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by Dr. Avigdor Bonchek


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Parashas Sh'mini(66)

This week's sedra tells of the dedication of the Tabernacle (Mishkan) and the tragic deaths of two of Aaron's sons when they, in their spiritual enthusiasm, brought an offering which they had not been commanded by G-d to bring.

Leviticus 10:4, 5

4. And Moses called to Mishael and Eltzafan, the sons of Uziel the uncle of Aaron and He said to them: Draw near, bear your brothers from the front of the holy [place] to outside the camp.

5. And they drew near and carried them in their robes outside the camp, as Moses had spoken.


In their robes: Rashi: [the robes] of the deceased. This teaches us that their garments were not burned only their souls; something like two threads of fire entered their nostrils.

What Is Rashi Saying?

Rashi is telling us that the robes referred to in our verse were the robes of Nadav and Avihu. Since it only says "their robes" it is not clear whose robes - either those of Mishael and Eltzafan, cousins of the deceased, who removed the dead bodies from the Tabernacle or the robes of the deceased themselves.

What would you ask here?

Remember a simple rule of thumb. When Rashi tells us something we apparently already know, we must ask: What's bothering him? When he tells us something we didn't know previously, we ask: How does Rashi know this?

Your Question:

Questioning Rashi

A Question: How does Rashi know that these were the robes of Nadav and Avihu and not those of Mishael and Eltzafan?

Can you figure out what allowed Rashi to draw such a conclusion?

Your Answer:

Understanding Rashi

I will present two answers that are given to this question. Which of the two seems best to you?

* An answer given here is that כתנות were one of the priestly garments and not the garb of the Levites. And since Mishael and Eltzafan were Levites and not priests, these robes must be those of the dead priests, Nadav and Avihu.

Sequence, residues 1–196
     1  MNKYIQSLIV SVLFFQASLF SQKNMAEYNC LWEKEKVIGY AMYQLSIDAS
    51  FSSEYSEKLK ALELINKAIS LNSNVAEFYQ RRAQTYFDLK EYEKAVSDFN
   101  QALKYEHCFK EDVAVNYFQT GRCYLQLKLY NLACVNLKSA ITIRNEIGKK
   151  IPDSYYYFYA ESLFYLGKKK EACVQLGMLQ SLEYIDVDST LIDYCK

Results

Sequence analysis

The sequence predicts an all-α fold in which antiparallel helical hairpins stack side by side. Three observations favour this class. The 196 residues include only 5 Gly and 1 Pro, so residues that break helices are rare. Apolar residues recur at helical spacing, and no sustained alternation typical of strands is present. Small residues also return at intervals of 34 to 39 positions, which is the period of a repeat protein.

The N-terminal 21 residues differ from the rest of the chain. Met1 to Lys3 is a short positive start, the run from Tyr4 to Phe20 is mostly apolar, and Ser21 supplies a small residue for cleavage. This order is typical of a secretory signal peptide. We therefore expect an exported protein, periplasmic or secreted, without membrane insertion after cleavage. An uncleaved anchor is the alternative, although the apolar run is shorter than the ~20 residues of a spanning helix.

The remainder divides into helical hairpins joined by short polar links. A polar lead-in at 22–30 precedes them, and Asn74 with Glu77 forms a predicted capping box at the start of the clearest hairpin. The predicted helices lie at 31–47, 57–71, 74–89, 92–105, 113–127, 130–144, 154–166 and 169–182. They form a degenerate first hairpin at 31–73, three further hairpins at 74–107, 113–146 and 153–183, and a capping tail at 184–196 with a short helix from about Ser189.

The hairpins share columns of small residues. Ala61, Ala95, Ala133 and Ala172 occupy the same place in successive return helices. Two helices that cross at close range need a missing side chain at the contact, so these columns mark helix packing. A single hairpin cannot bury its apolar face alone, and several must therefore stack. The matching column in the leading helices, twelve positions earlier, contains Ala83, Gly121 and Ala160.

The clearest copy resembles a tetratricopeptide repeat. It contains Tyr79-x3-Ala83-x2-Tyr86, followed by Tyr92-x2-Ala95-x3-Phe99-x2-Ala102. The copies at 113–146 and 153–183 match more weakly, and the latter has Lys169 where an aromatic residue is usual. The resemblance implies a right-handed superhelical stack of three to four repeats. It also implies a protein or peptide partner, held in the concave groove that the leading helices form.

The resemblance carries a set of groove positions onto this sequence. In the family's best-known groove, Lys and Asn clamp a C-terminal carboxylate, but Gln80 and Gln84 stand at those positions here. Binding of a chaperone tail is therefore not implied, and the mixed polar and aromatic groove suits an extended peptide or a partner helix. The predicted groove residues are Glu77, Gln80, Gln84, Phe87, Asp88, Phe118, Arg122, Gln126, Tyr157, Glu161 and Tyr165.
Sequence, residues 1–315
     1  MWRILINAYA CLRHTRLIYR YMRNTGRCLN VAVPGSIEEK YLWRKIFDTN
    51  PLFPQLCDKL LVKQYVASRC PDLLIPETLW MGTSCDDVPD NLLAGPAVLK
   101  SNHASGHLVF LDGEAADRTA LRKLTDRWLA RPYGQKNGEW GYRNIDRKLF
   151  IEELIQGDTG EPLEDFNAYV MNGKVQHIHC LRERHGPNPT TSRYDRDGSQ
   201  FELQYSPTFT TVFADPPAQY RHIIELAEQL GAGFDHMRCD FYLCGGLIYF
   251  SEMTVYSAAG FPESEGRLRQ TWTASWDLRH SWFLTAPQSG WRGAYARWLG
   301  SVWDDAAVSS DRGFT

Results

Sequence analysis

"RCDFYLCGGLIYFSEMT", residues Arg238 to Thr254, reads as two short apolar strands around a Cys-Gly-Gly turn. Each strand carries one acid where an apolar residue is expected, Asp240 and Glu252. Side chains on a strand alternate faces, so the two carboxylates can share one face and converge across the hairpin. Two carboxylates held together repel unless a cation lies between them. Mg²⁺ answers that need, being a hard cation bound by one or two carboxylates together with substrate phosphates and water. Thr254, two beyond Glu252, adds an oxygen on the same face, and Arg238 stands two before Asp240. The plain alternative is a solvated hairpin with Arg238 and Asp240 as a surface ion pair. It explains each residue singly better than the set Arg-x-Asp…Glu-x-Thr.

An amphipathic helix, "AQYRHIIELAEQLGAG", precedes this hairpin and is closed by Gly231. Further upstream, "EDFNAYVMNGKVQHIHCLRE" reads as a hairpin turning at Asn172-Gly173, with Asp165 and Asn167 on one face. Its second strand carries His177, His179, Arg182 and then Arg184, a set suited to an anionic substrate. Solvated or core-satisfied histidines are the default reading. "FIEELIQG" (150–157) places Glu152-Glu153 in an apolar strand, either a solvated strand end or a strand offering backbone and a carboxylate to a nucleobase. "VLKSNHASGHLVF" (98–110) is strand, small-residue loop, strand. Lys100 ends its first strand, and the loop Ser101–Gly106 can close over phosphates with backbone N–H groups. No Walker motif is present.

* Another answer given is that if these were the robes of Mishael and Eltzafan there would be no point in the Torah mentioning it. It is an irrelevant piece of information.

Which answer seems best to you?


Your Choice:

Understanding Rashi's Thinking

An Answer: It seems to me that only the second answer reflects Rash's logical thinking style. First of all, the Levites almost certainly had their own robes even if they weren't the linen robes that the priests wore. They wore something, why not robes? So these could have been the non-priestly robes of Mishael and Eltzafan. But more to the point: If they were the robes of Mishael and Eltzafan, why are they mentioned at all? This would be an irrelevant fact. Rashi is always hyper sensitive to any extra words in the Torah and the need to explain them. In fact, all Torah commentary (including the Talmud ) is based on this approach. The Torah does not tell us anything irrelevant to its message. To tell us that Mishael and Eltzafan dragged out the bodies while wearing their robes or with their robes, would be perhaps thorough reporting, but it would not enlighten us in any significant way. But if, on the other hand, these were the robes of the deceased, that meant that the fire that consumed Nadav and Avihu, didn't touch their clothing. Before the microwave, this was quite a feat! Thus, as Rashi continues, it teaches us the miraculous way Nadav and Avihu were killed by this Divine fire.

So only the second explanation for Rashi's comment gives a logically constructed answer. The kind that epitomizes Rashi style.

The Lesson

When trying to understand Rashi's reason for one of his comments, think in terms of what is apparently redundant in the verse. What meaning might this redundancy carry? In this way we can get into Rashi's mental shoes and understand his way of thinking.

Shabbat Shalom
Avigdor Bonchek

"What's Bothering Rashi?" is a production of "The Institute for the Study of Rashi." The 5 Volume set is available at all Jewish bookstores.

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